One reason groups can stagnate like this is that they haven’t created ways for more people to plug in beyond joining the core team (which, for many people, because of time or relationships or skill or interests, isn’t a good fit). The antidote is creating more options.
At WV Can’t Wait, we currently have seven standing roles — outside of staff — that any new leader can step into. They include: Candidate, Slate Team Member, Ballot Team Member, Apprentice, Hometown Hero, Elected Official, or Work Team Member.
To assist folks getting into these roles, we create uniform pipelines. Want to be a Ballot Team Member? You’ll do a one-to-one meeting with my co-chair, get a hand-off email to our field director, and be invited to a team call in March. Want to be a Hometown Hero? You’ll fill out an application form and set up a one-to-one interview; a Work Team will consider the notes from that interview and then invite you to an event.
For many of these roles, we’re recruiting and on-ramping folks all the time: we’ll make pitches in press interviews, town halls, and social media posts, and, of course, we’ll do one-on-one drives.
To be clear, we don’t add roles casually. Instead, before creating a new role and pipeline, we ask ourselves: Is the role coherent, meaningful, and long-standing enough that it can feed a campaign/project over time? What’s the system that we need to create to support folks to occupy the role and do it well, and can we pull it off? How might this role serve the whole — and how can we design it so the people who occupy it can step from this role to another as they grow or as their interests evolve?
We first honed the instinct to get sharp about role creation and role pipelines during our governor’s race in 2020. During that campaign, one of the central roles we created was County Captain. County Captains were responsible for organizing the field work in their counties. Each quarter, we gave them a project to execute and training and coaching to do it effectively. For example, they might be charged with hosting a Town Hall Tour day complete with four one-on-one meetings and a large community event.
These teams were essential to fundraising, getting local press, and, ultimately, winning in rural counties that seemed unwinnable. And because the role was so clear and the work we gave these teams was so meaningful, our organization became known by volunteers as a great place to go.
5. We’re letting go of perpetual urgency.
Building institutions is slow, and it’s hardly headline grabbing. That means it can be difficult to build a sense of momentum or excitement around it. Sometimes, it can be so tedious that we wonder when or whether the payoff will ever arrive. Enter: the culture of urgency.
We’ve seen this before, right? Some bad news comes down the pike and an organization (maybe our organization) drops what it was doing to host a last-minute rally or send a bus to Washington, D.C. There’s a bad thing about to happen. We get alerted. And then we hop into action, often without regard for whether we actually have enough power to influence the outcome.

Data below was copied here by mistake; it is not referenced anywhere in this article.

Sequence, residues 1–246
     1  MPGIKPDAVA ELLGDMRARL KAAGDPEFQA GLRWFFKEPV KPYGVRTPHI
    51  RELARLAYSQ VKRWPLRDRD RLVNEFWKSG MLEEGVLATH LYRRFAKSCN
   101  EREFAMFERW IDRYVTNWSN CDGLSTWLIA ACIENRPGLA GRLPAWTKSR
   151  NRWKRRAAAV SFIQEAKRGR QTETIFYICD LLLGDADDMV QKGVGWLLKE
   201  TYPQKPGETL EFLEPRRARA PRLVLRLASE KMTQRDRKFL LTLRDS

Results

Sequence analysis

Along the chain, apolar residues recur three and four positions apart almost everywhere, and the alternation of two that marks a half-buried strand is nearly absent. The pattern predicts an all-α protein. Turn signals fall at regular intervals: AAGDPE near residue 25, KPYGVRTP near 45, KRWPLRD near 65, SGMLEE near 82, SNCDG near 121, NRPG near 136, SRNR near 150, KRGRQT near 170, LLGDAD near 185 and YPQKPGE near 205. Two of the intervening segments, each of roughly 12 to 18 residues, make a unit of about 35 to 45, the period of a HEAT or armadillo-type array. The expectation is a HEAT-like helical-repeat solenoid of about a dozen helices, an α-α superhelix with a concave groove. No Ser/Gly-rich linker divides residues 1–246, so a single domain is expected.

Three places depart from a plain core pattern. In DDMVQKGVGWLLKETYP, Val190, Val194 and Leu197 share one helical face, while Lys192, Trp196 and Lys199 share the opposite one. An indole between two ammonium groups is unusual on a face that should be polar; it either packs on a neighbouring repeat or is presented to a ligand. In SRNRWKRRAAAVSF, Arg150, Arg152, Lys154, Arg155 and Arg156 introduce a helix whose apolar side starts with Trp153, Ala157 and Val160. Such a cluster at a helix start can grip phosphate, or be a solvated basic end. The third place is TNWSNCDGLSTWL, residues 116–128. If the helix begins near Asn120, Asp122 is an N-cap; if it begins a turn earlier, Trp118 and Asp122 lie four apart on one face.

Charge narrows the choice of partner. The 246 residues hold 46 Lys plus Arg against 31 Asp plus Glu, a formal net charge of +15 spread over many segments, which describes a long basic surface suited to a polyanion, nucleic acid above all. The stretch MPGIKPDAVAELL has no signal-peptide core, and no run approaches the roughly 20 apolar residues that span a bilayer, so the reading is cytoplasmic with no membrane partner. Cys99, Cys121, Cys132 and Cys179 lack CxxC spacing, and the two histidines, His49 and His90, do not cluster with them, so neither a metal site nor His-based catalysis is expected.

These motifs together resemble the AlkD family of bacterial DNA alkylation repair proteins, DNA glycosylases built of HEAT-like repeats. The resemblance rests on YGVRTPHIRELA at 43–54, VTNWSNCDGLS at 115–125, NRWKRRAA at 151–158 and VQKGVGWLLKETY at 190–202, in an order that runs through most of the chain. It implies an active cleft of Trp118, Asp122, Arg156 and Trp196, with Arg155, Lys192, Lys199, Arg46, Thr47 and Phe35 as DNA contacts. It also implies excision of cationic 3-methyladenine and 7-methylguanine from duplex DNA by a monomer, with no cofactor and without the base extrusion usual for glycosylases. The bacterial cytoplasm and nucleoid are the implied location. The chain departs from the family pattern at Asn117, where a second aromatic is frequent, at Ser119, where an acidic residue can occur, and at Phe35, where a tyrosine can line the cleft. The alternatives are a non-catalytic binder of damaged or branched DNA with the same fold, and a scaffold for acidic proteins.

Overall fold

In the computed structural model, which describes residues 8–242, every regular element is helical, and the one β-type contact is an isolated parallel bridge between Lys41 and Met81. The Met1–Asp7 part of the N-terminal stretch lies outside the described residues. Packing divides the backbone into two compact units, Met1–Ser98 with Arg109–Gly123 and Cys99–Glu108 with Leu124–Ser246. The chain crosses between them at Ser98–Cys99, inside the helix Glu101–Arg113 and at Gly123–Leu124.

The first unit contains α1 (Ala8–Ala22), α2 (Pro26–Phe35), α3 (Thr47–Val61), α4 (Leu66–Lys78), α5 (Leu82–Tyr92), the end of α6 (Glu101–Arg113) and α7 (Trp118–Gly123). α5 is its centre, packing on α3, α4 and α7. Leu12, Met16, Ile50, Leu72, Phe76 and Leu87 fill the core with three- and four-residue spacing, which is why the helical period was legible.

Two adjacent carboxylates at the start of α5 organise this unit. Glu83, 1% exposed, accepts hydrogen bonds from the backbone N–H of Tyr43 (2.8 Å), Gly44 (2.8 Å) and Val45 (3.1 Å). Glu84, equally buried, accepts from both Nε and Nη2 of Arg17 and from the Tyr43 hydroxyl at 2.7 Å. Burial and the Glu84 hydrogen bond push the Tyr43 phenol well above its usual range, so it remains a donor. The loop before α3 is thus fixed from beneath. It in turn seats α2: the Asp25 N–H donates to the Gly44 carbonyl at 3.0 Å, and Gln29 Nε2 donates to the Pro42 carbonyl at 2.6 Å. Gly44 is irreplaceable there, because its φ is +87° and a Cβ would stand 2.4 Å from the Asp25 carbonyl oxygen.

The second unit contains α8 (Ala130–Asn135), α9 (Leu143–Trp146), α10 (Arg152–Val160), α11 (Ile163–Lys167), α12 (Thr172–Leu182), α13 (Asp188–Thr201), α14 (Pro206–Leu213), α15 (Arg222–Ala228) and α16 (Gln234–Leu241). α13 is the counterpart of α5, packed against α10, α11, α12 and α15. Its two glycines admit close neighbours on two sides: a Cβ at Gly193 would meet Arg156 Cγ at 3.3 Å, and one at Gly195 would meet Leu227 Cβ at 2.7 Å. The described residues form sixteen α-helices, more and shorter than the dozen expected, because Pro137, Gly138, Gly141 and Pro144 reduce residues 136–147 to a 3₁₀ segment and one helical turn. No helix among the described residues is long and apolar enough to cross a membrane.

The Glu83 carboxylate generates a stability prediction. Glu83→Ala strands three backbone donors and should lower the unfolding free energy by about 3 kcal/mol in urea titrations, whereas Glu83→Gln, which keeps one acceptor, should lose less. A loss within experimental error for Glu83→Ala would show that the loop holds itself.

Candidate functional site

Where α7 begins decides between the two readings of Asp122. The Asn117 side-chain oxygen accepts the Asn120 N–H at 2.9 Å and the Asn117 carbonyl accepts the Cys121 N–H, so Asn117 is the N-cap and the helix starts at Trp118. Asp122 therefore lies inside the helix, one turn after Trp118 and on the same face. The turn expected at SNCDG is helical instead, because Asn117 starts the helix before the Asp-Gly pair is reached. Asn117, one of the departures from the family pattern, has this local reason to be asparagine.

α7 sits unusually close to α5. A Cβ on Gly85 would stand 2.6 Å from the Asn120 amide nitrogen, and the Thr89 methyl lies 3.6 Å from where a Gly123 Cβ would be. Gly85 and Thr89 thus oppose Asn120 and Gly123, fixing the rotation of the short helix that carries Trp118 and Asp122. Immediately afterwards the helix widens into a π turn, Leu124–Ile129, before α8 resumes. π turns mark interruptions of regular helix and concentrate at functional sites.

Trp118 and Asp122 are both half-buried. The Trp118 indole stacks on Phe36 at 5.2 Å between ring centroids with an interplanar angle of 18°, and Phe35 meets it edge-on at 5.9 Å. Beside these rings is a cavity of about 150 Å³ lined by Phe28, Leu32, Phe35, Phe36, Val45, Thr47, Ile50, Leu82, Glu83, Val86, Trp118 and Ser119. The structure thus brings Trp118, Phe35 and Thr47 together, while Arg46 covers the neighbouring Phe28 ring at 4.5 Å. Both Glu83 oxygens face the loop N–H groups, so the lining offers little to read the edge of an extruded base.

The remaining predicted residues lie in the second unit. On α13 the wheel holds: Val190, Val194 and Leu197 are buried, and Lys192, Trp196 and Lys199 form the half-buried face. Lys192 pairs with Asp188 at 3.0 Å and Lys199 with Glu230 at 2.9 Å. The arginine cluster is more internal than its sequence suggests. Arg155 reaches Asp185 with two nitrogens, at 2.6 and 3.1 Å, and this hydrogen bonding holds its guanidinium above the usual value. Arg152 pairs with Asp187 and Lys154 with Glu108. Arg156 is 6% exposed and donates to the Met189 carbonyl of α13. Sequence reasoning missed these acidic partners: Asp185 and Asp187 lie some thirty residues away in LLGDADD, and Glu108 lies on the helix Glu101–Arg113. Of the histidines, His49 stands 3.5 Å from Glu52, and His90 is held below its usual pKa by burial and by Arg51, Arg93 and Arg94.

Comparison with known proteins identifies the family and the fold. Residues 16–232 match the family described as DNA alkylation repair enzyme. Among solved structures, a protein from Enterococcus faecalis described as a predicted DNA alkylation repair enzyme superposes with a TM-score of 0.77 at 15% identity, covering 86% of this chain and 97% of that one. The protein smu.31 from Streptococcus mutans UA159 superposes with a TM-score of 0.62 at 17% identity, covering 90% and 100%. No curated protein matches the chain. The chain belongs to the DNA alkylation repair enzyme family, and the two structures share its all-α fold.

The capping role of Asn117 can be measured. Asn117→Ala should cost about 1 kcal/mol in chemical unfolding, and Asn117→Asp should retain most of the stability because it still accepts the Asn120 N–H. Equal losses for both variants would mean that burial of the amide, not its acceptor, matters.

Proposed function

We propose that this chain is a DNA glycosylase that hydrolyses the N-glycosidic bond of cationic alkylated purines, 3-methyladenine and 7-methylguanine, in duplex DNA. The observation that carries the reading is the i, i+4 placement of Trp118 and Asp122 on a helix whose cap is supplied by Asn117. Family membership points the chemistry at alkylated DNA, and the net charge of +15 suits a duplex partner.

The thing is, the culture of urgency is a trap because it keeps us from building enough power to win and it keeps us playing defense. It’s also exactly what the corporate news cycle, digital media platforms, and the race of capitalism teach us to do. That’s why it’s so hard to get out of. It’s a culture.
Creating a new culture around your work takes time and a great deal of intention. It requires saying “no” to many urgent asks. It means telling partners that you will not send people to a rally. Or get on a last-minute strategy call. Or get folks on a bus in two days.
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And it means sticking to your guns and teaching your base a different sort of posture. Here’s an example. This legislative session is already shaping up to be abysmal in West Virginia. Very, very little of our state platform will make it through. And many, many bad bills — ones that hurt poor and working people —will get through instead.
Rather than chase each piece of bad news, we’re using the bad bills to build power. Specifically, we’ve created a fundraising page where any time a bad piece of legislation comes up, folks who are looking to take action can financially back the legislators who are standing their ground. That means we’re converting folks’ frustration about an inevitably bad thing into resources that we can use where we have a fighting chance: in the next round of targeted campaigns. The payoff is slow. But this sort of posture puts us in a better position for there to be a payoff at all.
We are living in difficult times. And we have good reason to believe things will get worse before they get better. My great hope for us is that we will see the storm coming. And that instead of sailing right into its winds, we will grow our ability to discern what’s needed. My hope is that we’ll know when our power can effectively be mobilized — and when building will better serve our movements. If we don’t, we run the risk of depleting our power in the long run. We run the risk of staying at sea.
Lucky for us, many organizations are already showing us the way. We have boat builders and shipwrights among us, getting our vessels in better shape. We have people attuning themselves to the wind, becoming storm-predictors. Allies and friends and volunteers, maybe even you, summoning the wise patience that the emergency we’re in requires.
Katey Lauer is the co-chair of West Virginia Can’t Wait and a Core Trainer with Training for Change. She lives in Fayette County, WV.